Dairy farmers across New South Wales and Queensland are counting the cost of some of the worst floods on record and industry bodies want to make sure they’re not forgotten in relief efforts.

Pedigree and performance pays

THE foundations of a sustainable dairy enterprise for Darling Downs, Queensland,  farmers Steve and Jenny McCarthy have been built on more than 70 years of improved Jersey genetics.

Huge support for flood fundraiser

SOUTH-WEST Victorian dairy farmer Jessa Fleming has passed the halfway mark in her campaign to raise $30,000 for flood affected Tasmanian farmers.

More from this category

National Foods closes cheese sites

National Foods will sell its cheese processing plants in South Australia and close its two Victorian plants within three years.  The moves were announced as part of a $132 million investment in Tasmania, aimed at rationalising the company’s cheese making business.

NZ payout drop delivers a 'sobering blow'

NEW ZEALAND dairy farmers will be forced to make more hard decisions in the season ahead, as the country’s processors slash their forecast farm gate milk prices to well below the cost of production.

Milk processors want you

International demand and expansion in local processing facilities has fuelled renewed competition between Australian processors for southern milk supply.

Scramble for precious water in WA

SOME 2200 megalitres of water might seem only a drop in the ocean for flood weary farmers in northern and eastern Australia but in the drought-stricken west every bit of a new allocation will be precious.

Progression plan a work in progress

Unfortunately, many families can't broach the topic of succession planning at the kitchen table, so it was refreshing to hear WA farmer Peter Evans discussing his family's approach in front of 200 people.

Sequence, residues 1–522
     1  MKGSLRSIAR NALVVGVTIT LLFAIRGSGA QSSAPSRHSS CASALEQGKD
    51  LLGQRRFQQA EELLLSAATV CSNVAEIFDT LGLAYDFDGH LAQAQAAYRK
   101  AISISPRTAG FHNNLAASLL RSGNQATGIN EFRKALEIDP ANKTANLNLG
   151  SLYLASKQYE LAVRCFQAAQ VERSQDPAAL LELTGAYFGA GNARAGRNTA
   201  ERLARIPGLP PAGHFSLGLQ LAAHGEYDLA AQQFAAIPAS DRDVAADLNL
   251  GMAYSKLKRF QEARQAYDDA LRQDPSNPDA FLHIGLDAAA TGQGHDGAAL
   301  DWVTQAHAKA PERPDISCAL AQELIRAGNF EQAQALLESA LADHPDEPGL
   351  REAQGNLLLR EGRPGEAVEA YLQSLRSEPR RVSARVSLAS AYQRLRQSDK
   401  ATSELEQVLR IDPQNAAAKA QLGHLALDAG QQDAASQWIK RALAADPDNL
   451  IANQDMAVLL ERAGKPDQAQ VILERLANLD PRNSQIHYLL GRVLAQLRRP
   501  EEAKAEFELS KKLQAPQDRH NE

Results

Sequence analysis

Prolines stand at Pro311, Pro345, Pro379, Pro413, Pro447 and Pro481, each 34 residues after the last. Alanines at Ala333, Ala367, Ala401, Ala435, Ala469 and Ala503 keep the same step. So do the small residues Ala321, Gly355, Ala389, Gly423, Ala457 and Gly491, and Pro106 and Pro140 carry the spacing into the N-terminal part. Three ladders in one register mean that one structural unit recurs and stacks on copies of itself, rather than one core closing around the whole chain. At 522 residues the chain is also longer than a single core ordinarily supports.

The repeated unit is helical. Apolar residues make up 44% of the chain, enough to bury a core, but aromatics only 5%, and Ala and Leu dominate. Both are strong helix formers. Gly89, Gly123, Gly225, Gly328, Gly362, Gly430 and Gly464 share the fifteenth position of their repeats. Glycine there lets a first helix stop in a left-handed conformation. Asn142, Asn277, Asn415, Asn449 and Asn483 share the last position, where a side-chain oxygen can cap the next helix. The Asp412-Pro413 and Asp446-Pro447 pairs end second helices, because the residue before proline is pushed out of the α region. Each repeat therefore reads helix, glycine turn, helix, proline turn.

Floods bring New Year chaos to northern dairy industry

THE QUEENSLAND dairy industry is starting 2011 in chaos, swamped by New Year floods engulfing the State.The big wet which drenched Central Queensland in December moved to the southeast corner of the State with devastating impact in the second week of January.

PRIME MINISTER Julia Gillard is deliberately misleading Australians by claiming she wants to keep the Murray-Darling reform process on time, according to Coalition Murray-Darling Basin spokesman Senator Simon Birmingham.


MURRAY GOULBURN has taken up all of its rights in takeover target Warrnambool Cheese & Butter Factory’s (WCBF) $48 million entitlement offer.


THE HEAD of one of the world’s largest dairy cooperative wants the industry to do more to promote the goodness of dairy.

MURRAY GOULBURN has increased its prices by 35c/kg for protein and 14c/kg for butterfat – or $5.25/kg for milksolids – backdated to July 1.

ALTHOUGH AREAS of northern Victoria may remain under water for months, the amount of damage wreaked by the state’s floods is slowly being assessed.

Leave a comment

Make sure you enter the (*) required information where indicated.\nBasic HTML code is allowed.

» Get social

When butter and chocolate collide

TWO New Zealand companies Lewis Road Creamery and Whittakers have teamed up to deliver what must be every dairy lover’s dream: chocolate butter.

» E-Newsletter

Subscribe to our mailing list

* indicates required